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Discussion Starter #1
I'm getting ready to replace my water pump and discovered that the PCV hose on my 2002 Intrepid (2.7 engine) is missing! I've owned the car for a couple of years. Naturally, I'll replace it, but where is the non-valve end of the hose supposed to connect to the engine?

The photo in the excellent writeup in this forum on 2.7 water pump replacement -- https://www.dodgeintrepid.net/18-general-discussion-second-generation/246001-2-7-water-pump-replacement-procedure.html -- appears to show the hose pointing toward the back of the engine, but looking from the top doesn't show anything obvious to connect to.

I'm planning to replace the water pump & related because I was losing coolant (no heat!) and discovered a sludged-up oil cover. Fortunately, it's probably only been that way a few weeks. So, some questions:

--I know the recommendation is to get a real Mopar replacement, but I also noted that Rock Auto sells an aftermarket version that comes w/ two gaskets -- the old ring-style one and a new flat one. Is that pump likely to be any good?
--I'm also planning on changing the thermostat and gasket and the coolant air bleeder, which has been leaking slightly.
--As a precaution, should I replace the thermostat housing?
--Is it worth replacing the main coolant hoses? The car has about 105,000 miles.
--Anything else while I'm having fun taking apart half the engine?

After I've got all the work done, my plan was to get a quart of engine flush, add to crankcase and idle engine per directions, then drain oil and replace w/ new oil and filter. Should this be sufficient?

As usual, thanks for any help.
 

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Discussion Starter #2
... and where to get the missing hose?

Also, I'm having a hard time finding a replacement hose. Nothing on eBay (though there's one listed for the 3.2 engine), and a Dodge OEM supplier lists part #4663792AF or #4663792AH for around $120, which seems a tad excessive. The catalog shows the hose for the 2.7 at the right of the image below.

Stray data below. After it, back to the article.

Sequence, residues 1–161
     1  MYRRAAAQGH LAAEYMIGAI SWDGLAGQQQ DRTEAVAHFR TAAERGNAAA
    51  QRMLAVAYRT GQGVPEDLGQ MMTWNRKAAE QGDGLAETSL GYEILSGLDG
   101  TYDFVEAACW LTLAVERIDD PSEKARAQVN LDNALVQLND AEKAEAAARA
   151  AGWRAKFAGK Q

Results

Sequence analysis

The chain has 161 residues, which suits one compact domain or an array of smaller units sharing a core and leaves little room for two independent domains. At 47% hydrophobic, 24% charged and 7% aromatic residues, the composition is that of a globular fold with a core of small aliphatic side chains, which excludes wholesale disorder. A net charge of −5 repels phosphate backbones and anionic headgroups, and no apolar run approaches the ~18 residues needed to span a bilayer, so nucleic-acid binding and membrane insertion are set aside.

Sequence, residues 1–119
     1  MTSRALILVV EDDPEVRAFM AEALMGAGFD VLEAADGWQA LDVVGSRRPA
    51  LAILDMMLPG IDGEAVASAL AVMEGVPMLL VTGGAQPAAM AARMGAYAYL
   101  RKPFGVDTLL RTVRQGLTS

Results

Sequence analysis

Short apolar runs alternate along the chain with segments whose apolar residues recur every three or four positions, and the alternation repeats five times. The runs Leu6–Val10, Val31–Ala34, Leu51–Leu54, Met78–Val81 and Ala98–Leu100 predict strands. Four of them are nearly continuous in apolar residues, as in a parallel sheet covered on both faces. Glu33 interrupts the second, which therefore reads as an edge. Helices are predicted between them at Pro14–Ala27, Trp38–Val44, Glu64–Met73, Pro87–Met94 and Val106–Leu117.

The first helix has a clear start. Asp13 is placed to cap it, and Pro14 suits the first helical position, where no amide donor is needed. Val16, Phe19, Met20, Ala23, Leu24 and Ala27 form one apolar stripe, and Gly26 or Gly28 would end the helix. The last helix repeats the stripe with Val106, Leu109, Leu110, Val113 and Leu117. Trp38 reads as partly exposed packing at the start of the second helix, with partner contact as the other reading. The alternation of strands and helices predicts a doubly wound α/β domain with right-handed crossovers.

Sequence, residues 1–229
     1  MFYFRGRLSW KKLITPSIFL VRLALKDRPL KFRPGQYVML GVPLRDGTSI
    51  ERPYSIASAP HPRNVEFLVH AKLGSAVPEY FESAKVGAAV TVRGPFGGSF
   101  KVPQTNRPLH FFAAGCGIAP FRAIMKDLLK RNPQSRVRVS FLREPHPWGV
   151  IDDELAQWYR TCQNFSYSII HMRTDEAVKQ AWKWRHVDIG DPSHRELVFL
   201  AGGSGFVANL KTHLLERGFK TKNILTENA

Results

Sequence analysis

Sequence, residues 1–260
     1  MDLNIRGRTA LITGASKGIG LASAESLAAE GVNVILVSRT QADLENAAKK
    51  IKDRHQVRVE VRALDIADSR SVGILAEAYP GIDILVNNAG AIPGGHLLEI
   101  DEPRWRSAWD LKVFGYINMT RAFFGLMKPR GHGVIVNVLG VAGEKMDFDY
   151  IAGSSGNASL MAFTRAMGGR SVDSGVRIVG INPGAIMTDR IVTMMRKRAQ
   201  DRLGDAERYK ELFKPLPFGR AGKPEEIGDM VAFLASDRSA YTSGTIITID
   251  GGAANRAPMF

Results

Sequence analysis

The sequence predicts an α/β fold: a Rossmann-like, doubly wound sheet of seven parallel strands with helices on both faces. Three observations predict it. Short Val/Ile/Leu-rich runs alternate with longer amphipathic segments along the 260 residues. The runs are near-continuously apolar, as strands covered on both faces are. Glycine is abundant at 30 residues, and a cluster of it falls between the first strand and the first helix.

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The reason the 2.7 PCV hose is $120 is that it comes with a metal heat exchanger. The entire part consists of the heat exchanger with rubber hose coming off of both ends. The heat exchanger is not shown on the item 2 in the parts diagram you posted. The heat exchanger was added sometime around the 2000 model year, and Chrysler never bothered to update the sketch to accurately show the PCV hose with the heat exchanger.

So, unless someone ripped off your heat exchanger, you should have one hose from the rear of the driver’s side valve cover to the heat exchanger, and another hose from the other end of the heat exchanger to the PCV screwed into the plenum.

The heat exchanger is a metal cylinder approx. 1-1/2” in diameter and 4” long. It has a port on each end for the PCV hoses in line with the axis of the cylinder. There are also two smaller ports coming off the OD of the heat exchanger for small (guessing 10mm ID or thereabouts) coolant hoses.

Here’s what the heat exchanger looks like - this is what you’d get for your $120 (copying this photo posted by someone else):



If you have the heat exchanger, you can order just the PCV hose for the 3.2/3.5 and cut into 3 segments - throwing away the middle segment, and using the two ends with bends to make the two connections to the PCV valve and the valve cover. Costs less than $15, so you’d save over $100.

Here’s what the 3.2/3.5 hoses that you can cut up and use on the 2.7 with heat exchanger look like - two hoses shown - you only need one (this photo was originally posted by Ronbo):



If your heat exchanger is missing, you’ll need the 2.7 part with heat exchanger.